“Who’s Minding the Mint?” is the funniest caper movie that you’ve never heard of before now.
This was one of those movies that happened to me by accident. It was running on a local independent television station, a Sunday morning ten o’clock movie that aired right after the televised Sunday morning services. There weren’t any specialty movie channels back in those days, so movie selections were at the whim of a program director whose only criteria was how much it cost to air any particular movie. They probably didn’t pay much for this one.
Who’s Minding the Mint is a 1967 comedy starring Jim Hutton (father of Timothy, the Academy-award winning actor from the heist drama Leverage on TNT from 2008-2012) and came on the tail end of such all-star comedies like It’s A Mad, Mad, Mad, Mad World (1963), The Great Race (1965), A Funny Thing Happened on the Way to the Forum (1966), and The Russians are Coming, the Russians are Coming (1966). Fairly well ignored on its release, Who’s Minding the Mint isn’t brought up when discussing the great comedies from this era. But for pure laughs, Who’s Minding the Mint, directed by the timeless Howard Morris, is hard to beat.
Smooth-talking Harry Lucas (Hutton) has a great life. He’s got a swinging-60’s bachelor pad, nightly invitations to “din-din” from the free-loving smokeshow across the hall, and a private car service that picks him up and drops him off to his 9-5 job at the U.S. Mint. His lifestyle appears excessive for someone with his job, and a supervisor suspects that Harry is up to something.
He is; Harry is a smooth talker who uses his gift of gab to improve his life. He runs legal, legitimate scams, but they’re scams nonetheless. It’s nothing he would want his bosses at the Mint to find out about, especially with an upcoming financial audit on the horizon.
Trying to cover his tracks, Harry unknowingly and inadvertently destroys $50,000 in U.S. currency. Already under suspicion from his supervisor, Harry devises a plan to break into the Mint at night, reprint the money that he destroyed, and replace the money before anyone notices that it’s missing. (This was 1967, remember. No video. No motion detectors. No Mission: Impossible type alarms)
Harry can’t do this by himself. He needs a partner to run the presses and enlists Pop, (Walter Brennan) an old friend who has been unceremoniously retired from his job at the Mint. Pop needs the plates for the presses, which are locked in a safe, so they engage Avery (Jack Gilford) to open the safe. To open the safe, Avery needs a hearing aid, which they trade in another partnership with Luther (Milton Berle) to get. Every direction they turn, Harry seems to need another partner.
His plan is to access the Mint through the sewer tunnels underneath, for which they need a guide, played by problem gambler Ralph (Joey Bishop). They need a watercraft to traverse the flooded sewers, so they acquire the services of the hysterical Captain (Victor Buono). Add to that the lookout Willie (Bob Denver), the non-English speaking Mario (Jamie Farr) and their paper cutter/moral compass Verna (Dorothy Provine), and this ragtag group of misfits is complete.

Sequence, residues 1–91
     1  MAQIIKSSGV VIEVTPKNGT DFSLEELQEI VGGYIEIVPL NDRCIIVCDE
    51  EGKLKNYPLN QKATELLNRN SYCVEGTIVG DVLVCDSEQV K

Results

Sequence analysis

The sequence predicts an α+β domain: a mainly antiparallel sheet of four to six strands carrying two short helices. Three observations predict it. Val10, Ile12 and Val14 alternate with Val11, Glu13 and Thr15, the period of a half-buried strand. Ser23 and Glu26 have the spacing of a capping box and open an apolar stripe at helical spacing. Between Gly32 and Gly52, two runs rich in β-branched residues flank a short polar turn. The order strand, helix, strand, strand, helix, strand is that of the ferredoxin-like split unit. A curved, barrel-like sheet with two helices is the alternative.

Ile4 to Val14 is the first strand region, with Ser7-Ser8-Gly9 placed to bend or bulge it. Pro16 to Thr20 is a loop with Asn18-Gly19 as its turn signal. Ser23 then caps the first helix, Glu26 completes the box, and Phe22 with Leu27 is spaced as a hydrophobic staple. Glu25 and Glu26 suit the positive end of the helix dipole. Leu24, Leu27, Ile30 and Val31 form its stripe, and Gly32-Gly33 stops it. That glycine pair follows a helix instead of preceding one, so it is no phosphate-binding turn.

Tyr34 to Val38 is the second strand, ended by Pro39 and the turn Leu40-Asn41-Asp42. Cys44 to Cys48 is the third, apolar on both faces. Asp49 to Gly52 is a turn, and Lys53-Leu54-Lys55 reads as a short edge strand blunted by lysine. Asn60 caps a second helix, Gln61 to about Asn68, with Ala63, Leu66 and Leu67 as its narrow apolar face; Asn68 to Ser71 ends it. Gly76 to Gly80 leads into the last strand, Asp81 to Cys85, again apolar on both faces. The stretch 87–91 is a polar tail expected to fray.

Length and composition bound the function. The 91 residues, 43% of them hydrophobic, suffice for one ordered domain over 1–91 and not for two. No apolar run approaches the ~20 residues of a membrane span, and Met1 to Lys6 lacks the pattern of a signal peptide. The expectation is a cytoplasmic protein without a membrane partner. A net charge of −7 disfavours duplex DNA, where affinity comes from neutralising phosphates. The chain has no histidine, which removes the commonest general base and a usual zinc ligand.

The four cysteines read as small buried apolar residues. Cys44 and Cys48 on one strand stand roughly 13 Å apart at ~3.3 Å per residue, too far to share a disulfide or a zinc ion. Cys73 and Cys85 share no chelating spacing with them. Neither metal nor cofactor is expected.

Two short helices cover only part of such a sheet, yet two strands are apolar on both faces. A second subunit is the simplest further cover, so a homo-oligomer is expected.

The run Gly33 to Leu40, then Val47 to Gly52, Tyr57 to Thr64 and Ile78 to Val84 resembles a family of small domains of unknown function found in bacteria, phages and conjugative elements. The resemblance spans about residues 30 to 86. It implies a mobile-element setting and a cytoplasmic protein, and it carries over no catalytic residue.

The plan gets bigger and bigger, with each “partner” wanting one million dollars each for their participation. Their timeline gets pushed up and they end up going in as is, leading to hysterical complications since nothing they plan on this job goes right. With a short window of opportunity, they need to print the money and get out undetected.
This movie is nothing flashy. There are no special effects, no quick-cut martial arts action scenes in the dark so you can never tell who is fighting who, and there are no global implications for the events taking place. As long as you can look past the whole grand-theft, stealing from the government thing, Who’s Minding the Mint is a good-natured family comedy.
There’s no bad language, no sex, and little to no violence in Who’s Minding the Mint, but please don’t let that prevent you from seeing this movie. Caper stories like this are often derided as fluff entertainment, but there is a real skill to making comedy look this easy. Howard Morris moves the story along at a brisk pace and takes advantage of a lunatic cast of actors like Berle and Buono who turn in some of their best cinematic work.
Legitimately funny movies that an entire family can watch together without offending anyone are nearly impossible to find. That Sunday morning when I first saw this movie, I couldn’t believe that I had never heard of Who’s Minding the Mint. That was thirty years ago. Most movies I forget about the following week. Take that for what it’s worth.